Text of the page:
At the time of the eviction from the Aubervilliers camp on 29 July, Pierre Henry, the director general of France Terre d’Asile, had said to himself “See you in September”, certain that the camp would be re-formed in a few weeks.

We didn’t have to wait that long. Less than a fortnight after the eviction of the 1,500 or so people living in the camp, “between 300 and 400” people found refuge under the A1 motorway bridge at Saint-Denis. They are single men, mostly from Afghanistan.

Among them, some “missed the eviction of Aubervilliers, others had an administrative appointment that day and could not be present”, says Maël, a member of the association Utopia 56 who did not want his surname to be made public. Among these hundreds of exiles, there are also newcomers who only found this unhealthy place to settle. [Read More]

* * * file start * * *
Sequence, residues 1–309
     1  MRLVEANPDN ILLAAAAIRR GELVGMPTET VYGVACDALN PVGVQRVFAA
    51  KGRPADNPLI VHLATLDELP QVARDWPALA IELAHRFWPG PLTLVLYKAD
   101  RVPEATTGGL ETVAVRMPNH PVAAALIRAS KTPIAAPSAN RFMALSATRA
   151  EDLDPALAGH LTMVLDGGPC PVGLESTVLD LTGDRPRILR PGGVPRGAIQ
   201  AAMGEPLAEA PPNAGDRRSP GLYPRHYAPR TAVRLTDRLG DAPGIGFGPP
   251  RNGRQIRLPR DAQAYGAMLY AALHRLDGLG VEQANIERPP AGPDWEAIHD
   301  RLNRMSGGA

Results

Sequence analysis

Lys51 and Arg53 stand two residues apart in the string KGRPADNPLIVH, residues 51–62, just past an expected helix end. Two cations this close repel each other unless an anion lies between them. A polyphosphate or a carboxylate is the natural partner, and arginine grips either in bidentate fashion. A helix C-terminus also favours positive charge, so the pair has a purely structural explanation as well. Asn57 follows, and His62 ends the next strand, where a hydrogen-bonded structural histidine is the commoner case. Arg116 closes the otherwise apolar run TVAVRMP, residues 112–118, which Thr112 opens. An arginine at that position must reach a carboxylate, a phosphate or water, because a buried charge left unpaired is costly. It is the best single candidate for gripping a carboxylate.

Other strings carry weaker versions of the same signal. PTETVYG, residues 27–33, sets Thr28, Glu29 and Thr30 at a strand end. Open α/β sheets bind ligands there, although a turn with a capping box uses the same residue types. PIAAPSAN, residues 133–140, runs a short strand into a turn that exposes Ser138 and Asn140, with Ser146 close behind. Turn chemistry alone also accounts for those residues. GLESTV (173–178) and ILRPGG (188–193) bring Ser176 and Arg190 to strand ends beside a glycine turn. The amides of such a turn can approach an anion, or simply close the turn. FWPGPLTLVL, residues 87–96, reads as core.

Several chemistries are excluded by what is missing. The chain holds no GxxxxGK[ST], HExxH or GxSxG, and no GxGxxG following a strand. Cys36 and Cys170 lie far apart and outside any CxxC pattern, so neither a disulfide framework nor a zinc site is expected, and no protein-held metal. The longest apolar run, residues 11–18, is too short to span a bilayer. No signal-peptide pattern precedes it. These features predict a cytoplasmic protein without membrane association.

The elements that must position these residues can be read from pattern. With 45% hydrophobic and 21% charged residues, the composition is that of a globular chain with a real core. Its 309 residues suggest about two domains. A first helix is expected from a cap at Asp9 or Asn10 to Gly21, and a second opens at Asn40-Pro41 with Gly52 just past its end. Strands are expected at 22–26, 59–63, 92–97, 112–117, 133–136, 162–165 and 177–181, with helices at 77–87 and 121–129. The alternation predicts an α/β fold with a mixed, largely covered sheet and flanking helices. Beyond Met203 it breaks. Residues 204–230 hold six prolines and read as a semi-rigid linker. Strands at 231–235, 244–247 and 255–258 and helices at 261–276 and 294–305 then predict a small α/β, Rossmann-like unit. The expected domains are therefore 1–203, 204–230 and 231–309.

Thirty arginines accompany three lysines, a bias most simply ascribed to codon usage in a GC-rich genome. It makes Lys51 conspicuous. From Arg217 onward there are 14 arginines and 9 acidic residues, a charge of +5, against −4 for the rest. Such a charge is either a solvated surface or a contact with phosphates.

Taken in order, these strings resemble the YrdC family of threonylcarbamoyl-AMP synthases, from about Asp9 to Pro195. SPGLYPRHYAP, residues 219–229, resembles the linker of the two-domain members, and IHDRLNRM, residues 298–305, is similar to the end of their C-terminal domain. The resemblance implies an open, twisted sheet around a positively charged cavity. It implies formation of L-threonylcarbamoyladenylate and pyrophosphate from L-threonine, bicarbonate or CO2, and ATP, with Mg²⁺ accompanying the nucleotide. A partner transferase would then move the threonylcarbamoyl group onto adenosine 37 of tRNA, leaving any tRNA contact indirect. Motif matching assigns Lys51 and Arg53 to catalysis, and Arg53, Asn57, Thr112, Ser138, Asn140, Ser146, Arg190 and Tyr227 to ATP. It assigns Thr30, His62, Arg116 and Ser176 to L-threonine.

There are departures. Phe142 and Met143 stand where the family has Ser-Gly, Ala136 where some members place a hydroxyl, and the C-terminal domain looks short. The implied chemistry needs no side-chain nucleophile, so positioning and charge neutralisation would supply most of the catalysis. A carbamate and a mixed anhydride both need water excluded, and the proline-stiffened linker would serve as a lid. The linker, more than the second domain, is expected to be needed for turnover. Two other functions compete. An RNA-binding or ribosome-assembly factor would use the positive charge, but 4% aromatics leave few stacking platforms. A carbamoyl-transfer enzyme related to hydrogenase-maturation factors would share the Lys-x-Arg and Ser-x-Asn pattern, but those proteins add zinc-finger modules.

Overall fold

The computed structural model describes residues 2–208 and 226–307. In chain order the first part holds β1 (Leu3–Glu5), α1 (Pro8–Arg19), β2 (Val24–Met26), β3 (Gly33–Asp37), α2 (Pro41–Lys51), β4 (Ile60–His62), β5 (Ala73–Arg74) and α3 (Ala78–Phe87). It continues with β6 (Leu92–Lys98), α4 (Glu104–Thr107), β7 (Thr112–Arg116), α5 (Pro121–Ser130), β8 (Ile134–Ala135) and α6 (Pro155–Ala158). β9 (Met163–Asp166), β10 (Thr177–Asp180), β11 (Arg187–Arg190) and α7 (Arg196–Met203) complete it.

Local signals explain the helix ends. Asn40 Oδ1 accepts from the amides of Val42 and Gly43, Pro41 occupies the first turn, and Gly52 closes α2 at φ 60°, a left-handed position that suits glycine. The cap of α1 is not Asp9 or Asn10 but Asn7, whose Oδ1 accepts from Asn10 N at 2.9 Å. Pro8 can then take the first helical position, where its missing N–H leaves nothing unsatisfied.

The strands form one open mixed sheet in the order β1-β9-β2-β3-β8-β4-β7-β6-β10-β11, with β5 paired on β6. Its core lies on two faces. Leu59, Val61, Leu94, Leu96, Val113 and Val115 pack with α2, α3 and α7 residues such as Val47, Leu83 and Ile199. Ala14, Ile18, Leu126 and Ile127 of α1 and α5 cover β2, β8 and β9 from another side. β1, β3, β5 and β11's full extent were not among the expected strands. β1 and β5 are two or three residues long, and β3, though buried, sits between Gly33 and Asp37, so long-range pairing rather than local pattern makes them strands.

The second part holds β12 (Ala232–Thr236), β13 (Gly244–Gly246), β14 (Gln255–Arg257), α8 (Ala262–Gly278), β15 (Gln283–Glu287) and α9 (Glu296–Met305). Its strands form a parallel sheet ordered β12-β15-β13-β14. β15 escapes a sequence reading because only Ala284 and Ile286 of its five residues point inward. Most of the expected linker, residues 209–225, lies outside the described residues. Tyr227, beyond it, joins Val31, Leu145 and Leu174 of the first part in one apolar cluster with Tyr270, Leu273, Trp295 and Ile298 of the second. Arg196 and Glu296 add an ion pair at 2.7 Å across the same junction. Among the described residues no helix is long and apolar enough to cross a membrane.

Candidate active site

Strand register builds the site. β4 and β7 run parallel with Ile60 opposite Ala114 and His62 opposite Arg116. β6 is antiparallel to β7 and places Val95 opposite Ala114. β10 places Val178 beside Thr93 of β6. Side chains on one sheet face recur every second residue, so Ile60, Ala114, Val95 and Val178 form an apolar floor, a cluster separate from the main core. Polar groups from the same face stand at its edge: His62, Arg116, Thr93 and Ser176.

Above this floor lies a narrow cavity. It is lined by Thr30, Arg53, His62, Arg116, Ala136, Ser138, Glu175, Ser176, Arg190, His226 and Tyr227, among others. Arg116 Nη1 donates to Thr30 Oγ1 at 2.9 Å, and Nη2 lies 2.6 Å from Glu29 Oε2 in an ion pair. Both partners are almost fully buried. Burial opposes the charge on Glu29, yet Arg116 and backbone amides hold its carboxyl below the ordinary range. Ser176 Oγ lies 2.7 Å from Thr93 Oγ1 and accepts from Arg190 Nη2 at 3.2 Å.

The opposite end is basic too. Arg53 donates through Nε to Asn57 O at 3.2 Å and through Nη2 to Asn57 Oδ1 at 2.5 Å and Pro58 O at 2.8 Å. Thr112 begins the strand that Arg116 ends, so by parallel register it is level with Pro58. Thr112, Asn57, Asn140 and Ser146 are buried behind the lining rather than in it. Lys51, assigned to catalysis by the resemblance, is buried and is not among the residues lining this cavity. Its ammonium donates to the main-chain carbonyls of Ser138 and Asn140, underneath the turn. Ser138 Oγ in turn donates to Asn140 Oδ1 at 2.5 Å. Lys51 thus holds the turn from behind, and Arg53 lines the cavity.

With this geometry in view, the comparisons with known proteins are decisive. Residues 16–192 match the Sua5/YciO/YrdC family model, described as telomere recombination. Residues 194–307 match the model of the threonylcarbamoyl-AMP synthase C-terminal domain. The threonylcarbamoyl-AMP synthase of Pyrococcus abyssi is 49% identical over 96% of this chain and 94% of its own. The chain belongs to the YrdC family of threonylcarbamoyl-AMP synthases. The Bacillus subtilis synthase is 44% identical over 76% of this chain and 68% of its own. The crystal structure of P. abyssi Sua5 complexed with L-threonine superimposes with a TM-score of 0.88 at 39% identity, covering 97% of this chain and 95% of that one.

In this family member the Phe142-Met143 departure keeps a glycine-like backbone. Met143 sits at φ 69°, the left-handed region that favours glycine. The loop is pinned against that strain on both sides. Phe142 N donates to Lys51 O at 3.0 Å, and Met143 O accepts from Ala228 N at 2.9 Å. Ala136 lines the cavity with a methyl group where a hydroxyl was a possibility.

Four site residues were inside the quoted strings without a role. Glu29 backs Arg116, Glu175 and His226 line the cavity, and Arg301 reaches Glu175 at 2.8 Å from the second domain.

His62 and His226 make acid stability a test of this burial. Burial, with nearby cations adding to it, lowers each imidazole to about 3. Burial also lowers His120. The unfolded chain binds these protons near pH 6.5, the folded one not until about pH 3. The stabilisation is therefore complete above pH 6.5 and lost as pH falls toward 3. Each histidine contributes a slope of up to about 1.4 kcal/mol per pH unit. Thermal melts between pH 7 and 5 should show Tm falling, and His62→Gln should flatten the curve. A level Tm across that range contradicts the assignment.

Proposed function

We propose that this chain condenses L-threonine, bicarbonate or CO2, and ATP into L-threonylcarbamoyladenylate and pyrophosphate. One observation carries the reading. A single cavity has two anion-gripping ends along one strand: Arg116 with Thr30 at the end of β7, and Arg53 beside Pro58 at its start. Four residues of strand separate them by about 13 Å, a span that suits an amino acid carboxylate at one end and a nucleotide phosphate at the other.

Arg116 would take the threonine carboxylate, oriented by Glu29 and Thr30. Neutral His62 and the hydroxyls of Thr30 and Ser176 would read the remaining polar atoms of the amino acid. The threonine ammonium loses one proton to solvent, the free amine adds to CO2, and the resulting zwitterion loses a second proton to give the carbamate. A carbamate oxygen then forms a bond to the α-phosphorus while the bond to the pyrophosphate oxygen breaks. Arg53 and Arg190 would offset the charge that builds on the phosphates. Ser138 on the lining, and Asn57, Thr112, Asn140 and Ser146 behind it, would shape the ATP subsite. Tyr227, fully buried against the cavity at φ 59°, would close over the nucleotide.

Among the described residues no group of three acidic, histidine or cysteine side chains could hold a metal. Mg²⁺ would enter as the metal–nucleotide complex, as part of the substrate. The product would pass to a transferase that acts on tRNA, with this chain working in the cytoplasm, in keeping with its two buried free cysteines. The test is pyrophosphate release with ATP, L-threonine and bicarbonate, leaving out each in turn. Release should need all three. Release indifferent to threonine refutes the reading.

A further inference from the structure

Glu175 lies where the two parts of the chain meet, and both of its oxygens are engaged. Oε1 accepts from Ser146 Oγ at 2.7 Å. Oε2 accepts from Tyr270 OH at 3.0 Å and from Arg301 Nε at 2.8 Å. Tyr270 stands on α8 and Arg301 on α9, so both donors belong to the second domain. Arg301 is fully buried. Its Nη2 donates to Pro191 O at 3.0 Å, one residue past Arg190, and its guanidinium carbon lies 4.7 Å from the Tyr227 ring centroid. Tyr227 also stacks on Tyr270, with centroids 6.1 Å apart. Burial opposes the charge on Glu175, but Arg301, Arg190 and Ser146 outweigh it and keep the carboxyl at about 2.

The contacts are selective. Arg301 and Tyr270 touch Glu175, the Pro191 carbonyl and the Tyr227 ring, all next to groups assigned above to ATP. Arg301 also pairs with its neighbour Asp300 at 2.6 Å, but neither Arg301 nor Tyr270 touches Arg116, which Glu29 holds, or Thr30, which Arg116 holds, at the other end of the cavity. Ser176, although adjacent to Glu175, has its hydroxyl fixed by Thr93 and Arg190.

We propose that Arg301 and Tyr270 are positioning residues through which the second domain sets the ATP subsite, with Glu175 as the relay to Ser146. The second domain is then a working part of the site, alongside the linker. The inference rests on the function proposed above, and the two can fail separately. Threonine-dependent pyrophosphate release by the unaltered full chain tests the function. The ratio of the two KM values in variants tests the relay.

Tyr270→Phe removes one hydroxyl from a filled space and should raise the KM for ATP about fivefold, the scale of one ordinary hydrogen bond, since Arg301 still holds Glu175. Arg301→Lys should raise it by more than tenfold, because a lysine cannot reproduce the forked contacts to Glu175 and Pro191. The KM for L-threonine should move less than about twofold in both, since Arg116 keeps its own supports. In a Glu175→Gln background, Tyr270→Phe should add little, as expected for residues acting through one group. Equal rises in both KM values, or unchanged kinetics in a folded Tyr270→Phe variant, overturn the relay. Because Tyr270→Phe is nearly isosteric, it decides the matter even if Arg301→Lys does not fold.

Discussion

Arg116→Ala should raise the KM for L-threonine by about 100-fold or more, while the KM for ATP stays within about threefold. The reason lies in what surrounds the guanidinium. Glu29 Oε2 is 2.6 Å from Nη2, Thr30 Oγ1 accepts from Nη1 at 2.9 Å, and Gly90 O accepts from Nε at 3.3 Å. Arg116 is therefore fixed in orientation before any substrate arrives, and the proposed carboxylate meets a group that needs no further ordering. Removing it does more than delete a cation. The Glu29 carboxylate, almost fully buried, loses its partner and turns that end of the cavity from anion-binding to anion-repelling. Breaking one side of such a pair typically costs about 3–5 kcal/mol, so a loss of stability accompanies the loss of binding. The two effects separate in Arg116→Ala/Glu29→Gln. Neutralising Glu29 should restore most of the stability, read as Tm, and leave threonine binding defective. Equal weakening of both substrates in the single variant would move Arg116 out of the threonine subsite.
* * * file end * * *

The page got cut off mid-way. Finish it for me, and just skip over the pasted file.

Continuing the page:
Paris: eviction of the young migrants camp set up in Jules Ferry Square

The camp, which housed more than 70 young people considered by several associations as foreign minors, in the Jules Ferry square in the centre of Paris, was evicted Tuesday morning. The young people were directed to a gymnasium and hotels.

After more than a month camping in the Square Jules Ferry in central Paris, some 70 young migrants who claim to be minors were evicted on Tuesday 4 August.
The eviction, which was carried out peacefully, ended at around 8:30 a.m. With masks on their faces, the young people were accompanied on buses by agents of the Ile-de-France prefecture and the Paris City Hall, under the watchful eye of a few police officers standing back. An eviction order had been posted by the police on Sunday evening in the camp.